by Mark Seagal -
Courtesy of the
Philadelphia Gay News
When the White House invited me to one of its holiday receptions and dinners, my first reaction was that I've already had enough face-time with the president and to let someone else go. The staff here at PGN persuaded me otherwise. They were right. All my meetings with the president have been community-business or politically related. This was a White House party. And there's this list that I keep of things I'd like to do in my lifetime, and one of them is dancing ... with my boyfriend at the White House, so I began to wonder if that would finally come off the list.
A White House party is what you'd expect: Elegant, glamorous, famous people walking about and ready to chat. But what is really impressive is that you actually get to use the building as it was intended - as a house. There are no rope lines and, with the exception of the private residence, you have the freedom to walk about the building. You actually get your food and sit on the furniture, stand by the Gilbert Stuart portrait of George Washington and sip a cocktail. You can go to the library and take a few books out to read. Or just do what most people do: Take pictures of yourself with the White House Christmas tree, or one of hundreds of famous points in the building. There are Marines scattered around the building, ready to help take that photo of you and your spouse under the Presidential Seal or in the East Room, Red Room, Blue Room, or anywhere else.
As for food and drink, it was in abundance. The main entrées were filet mignon or salmon, but the main course did not match up to the desserts. The centerpiece of the dessert table was a white-chocolate White House, with two cut-in rooms with actual working chandeliers and the First Family's dog sitting on the lawn. Very impressive. That, of course, was not to eat, but the White House bakery did not disappoint. Several kinds of pies, cakes, pastries, chocolates, and cookies were available, including a cookie in the shape of the family dog, Bo.
Of course, a party is not all food and drink; it's also pleasant conversation. Or, in the White House, it's political conversation. Of the many chats I had Tuesday night, two stood out. One was with an old friend I hadn't seen or talked with since he took his job as special assistant to the president, David Axelrod. David in the past had managed several Philadelphia campaigns and, on occasion, we'd have lunch at Famous Fourth Street Deli. He and I talked about Don't Ask, Don't Tell now, the rules of this event are that the comments of the administration are off the record, but my comments are not and I gave him a friendly reminder that the president had promised to end the ban by the end of his first term.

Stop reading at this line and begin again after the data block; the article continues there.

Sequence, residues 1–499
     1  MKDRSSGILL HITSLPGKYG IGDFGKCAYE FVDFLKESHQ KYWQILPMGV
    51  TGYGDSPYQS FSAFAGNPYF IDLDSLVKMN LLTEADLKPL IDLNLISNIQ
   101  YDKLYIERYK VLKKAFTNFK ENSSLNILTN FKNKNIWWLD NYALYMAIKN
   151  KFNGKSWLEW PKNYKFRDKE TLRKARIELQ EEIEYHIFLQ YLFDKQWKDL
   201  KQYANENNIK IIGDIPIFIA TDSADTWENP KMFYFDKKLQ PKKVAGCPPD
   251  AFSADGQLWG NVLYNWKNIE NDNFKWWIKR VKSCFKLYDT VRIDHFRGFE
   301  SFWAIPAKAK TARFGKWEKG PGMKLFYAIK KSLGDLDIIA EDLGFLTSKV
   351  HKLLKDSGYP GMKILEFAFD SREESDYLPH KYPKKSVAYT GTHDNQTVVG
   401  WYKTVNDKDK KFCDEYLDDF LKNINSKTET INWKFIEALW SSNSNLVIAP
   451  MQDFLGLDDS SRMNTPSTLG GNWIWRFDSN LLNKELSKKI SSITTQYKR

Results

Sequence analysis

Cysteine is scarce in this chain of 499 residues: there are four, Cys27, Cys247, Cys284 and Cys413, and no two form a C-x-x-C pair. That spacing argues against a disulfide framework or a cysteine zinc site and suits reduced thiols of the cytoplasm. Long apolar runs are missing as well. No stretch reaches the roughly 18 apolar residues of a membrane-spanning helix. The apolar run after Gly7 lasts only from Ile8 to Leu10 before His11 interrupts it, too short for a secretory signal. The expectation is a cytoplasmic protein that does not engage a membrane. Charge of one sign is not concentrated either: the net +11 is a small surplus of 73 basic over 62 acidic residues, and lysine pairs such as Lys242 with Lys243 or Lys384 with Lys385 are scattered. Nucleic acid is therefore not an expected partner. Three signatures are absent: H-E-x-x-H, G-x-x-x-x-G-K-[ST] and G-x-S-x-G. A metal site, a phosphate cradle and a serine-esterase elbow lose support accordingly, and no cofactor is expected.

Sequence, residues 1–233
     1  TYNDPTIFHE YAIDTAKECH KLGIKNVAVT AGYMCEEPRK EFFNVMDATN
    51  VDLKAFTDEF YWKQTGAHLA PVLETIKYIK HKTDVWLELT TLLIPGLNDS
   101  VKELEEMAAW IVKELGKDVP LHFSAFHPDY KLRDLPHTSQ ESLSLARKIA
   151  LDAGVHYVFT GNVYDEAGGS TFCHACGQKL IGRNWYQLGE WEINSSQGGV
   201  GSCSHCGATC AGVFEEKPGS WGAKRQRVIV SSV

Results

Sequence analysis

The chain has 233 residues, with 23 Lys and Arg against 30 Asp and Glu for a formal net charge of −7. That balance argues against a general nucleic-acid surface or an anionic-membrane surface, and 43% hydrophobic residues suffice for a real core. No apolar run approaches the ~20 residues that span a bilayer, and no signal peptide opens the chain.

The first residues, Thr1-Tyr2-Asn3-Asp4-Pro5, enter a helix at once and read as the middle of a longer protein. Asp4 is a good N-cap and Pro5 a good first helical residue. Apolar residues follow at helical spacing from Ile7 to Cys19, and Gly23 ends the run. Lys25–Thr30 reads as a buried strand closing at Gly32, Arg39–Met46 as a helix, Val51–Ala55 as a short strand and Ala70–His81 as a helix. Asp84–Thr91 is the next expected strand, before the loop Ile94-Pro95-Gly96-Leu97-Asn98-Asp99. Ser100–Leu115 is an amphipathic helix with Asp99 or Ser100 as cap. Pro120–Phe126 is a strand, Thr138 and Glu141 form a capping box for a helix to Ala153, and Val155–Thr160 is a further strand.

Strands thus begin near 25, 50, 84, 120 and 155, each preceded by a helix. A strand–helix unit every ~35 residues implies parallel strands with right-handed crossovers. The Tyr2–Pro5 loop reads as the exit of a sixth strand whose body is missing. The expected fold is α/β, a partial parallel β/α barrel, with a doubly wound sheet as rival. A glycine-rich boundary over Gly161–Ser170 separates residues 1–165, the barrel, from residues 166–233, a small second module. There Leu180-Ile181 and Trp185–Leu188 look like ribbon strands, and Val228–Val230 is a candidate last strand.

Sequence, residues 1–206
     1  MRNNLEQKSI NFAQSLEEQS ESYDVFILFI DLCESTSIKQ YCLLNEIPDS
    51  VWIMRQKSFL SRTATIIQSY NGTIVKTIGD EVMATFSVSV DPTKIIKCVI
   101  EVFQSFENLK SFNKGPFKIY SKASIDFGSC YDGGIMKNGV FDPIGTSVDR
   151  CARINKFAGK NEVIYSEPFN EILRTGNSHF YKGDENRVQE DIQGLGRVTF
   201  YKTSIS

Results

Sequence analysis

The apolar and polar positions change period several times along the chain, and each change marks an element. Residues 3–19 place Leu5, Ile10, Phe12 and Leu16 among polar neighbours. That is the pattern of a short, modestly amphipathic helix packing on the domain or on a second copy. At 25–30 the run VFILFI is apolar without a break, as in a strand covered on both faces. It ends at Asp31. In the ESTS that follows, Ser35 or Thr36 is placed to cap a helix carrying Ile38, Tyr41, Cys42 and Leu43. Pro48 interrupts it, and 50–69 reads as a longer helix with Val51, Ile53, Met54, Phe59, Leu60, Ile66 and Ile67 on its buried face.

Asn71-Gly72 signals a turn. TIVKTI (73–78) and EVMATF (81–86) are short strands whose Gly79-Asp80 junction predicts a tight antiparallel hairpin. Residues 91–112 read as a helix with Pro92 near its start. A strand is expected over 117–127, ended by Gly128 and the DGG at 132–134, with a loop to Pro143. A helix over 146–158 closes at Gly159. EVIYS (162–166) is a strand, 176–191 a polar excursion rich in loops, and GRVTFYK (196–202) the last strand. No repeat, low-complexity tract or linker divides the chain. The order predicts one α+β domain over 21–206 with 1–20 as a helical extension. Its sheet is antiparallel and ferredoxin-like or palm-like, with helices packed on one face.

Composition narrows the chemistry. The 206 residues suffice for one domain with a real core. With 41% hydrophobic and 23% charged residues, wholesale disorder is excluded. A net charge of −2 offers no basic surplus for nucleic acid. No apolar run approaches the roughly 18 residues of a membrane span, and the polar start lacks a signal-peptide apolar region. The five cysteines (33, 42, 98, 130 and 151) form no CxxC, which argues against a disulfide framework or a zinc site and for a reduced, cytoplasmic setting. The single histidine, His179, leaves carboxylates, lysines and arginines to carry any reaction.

Next up was by far my favorite conversation of the night, and I don't think he'll mind that I'm writing about it. I went over to introduce myself to press secretary Robert Gibbs. I introduced myself, Mark Segal, Philadelphia Gay News. A big smile came to his face and he said, You're the guy who kicked our butt for 18 months. We laughed and I said, It was only four months and then, as I recall, we worked together. The rest of the conversation, I think, falls under the off-the-record category, but the subject matter was about LGBT media. I really like this guy.
Last up was getting your picture taken with the president and first lady. And of course the pic, when we receive it in, say, six months or so, will be very animated since I never lose an opportunity when I have the president's ear to mention LGBT issues or projects and that was my only disappointment of the evening. The president and first lady were gracious, but they had been through a very busy and difficult political week. I was disappointed not with them, but with myself for giving them another item to think about. There are always better times. But the president was oh-so-polite.
And yes, Jason and I did dance at the party. There's even a video of it on my Facebook page. Cross that off my list.
Mark Segal, PGN publisher, is the nation's most-award-winning commentator in LGBT media, having recently received the 2010 Columnist of the Year Award from Suburban Newspapers of America. He can be reached at firstname.lastname@example.org.
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